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I'm thirteen years old, jammed in the backseat of a Chevy Impala. My uncle is driving. My aunt is in the passenger seat. My parents are in the back with me. The four adults are talking about where they ate last night. This then leads to what they ate, then to the quality of the food, then to queries about other restaurants they may or may not have eaten in. I remember thinking that when I grew up I would never be that boring, that shallow.

Fifty years later. I'm driving my car. (I paid retail for it, so I won't mention the manufacturer.) There are three other adults in the car as well. The conversation is about food. Where we ate, what we ate, how was it, and have we ever eaten at such and such restaurant. As the discussion goes on around me, I can't help thinking that I have betrayed my teenage oath. I've become the banal grownup I once decried. Anxious to regain my self-respect, I abruptly switch the topic to something more consequential. I choose the threat of antibiotic-resistant staph infections. My companions are startled. One asks what that has to do with polenta. I can't figure out a way to explain my long ago, silent vow so I angrily exclaim, "Everything!"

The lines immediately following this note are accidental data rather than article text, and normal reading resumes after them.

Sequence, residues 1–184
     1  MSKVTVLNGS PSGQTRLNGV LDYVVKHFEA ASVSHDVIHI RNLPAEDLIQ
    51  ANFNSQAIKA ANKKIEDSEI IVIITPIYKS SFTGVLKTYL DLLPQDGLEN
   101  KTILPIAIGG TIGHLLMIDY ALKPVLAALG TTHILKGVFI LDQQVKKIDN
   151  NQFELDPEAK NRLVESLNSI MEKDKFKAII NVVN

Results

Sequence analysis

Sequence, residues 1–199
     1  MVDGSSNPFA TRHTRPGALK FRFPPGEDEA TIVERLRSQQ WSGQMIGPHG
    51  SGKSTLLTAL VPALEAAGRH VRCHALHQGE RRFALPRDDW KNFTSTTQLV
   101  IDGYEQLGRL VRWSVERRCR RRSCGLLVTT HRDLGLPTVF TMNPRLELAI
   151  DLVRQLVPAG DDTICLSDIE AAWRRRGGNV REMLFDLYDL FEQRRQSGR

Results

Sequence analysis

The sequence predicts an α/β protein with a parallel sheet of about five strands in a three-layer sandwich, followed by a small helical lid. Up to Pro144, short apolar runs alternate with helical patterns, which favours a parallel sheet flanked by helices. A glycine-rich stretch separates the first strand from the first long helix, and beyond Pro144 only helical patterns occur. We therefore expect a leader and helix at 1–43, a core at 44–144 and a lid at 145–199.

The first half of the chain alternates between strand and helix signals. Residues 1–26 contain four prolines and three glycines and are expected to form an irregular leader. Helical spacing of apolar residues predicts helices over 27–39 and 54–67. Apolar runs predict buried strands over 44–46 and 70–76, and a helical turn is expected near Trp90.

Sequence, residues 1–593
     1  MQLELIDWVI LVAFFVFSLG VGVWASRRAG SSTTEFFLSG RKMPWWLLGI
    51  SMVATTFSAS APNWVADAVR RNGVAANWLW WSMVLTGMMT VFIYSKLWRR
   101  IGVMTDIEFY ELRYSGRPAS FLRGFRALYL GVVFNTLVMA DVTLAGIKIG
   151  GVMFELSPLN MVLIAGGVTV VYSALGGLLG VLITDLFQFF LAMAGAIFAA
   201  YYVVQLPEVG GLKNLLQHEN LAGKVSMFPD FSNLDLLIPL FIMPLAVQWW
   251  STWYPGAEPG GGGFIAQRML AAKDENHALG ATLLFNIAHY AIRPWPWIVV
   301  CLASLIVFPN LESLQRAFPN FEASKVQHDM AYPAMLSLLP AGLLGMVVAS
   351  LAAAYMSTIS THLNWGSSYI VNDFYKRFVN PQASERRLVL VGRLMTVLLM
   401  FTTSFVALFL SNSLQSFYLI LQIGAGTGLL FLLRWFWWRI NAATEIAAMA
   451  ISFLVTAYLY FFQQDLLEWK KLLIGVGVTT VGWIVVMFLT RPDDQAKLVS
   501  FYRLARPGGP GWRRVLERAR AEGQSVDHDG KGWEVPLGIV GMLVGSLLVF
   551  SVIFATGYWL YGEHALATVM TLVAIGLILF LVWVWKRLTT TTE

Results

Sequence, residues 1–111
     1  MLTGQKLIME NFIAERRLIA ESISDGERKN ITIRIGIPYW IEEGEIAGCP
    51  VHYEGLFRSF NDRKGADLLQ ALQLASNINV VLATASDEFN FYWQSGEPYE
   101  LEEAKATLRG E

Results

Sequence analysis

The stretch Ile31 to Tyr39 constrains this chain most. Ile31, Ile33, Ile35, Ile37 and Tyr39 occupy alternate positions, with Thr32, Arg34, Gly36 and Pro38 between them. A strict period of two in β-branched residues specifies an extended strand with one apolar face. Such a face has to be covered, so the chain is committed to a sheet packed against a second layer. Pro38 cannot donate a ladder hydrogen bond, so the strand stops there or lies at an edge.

The rest of the drive to the restaurant happens in silence.

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1st Aired: 05 May 2016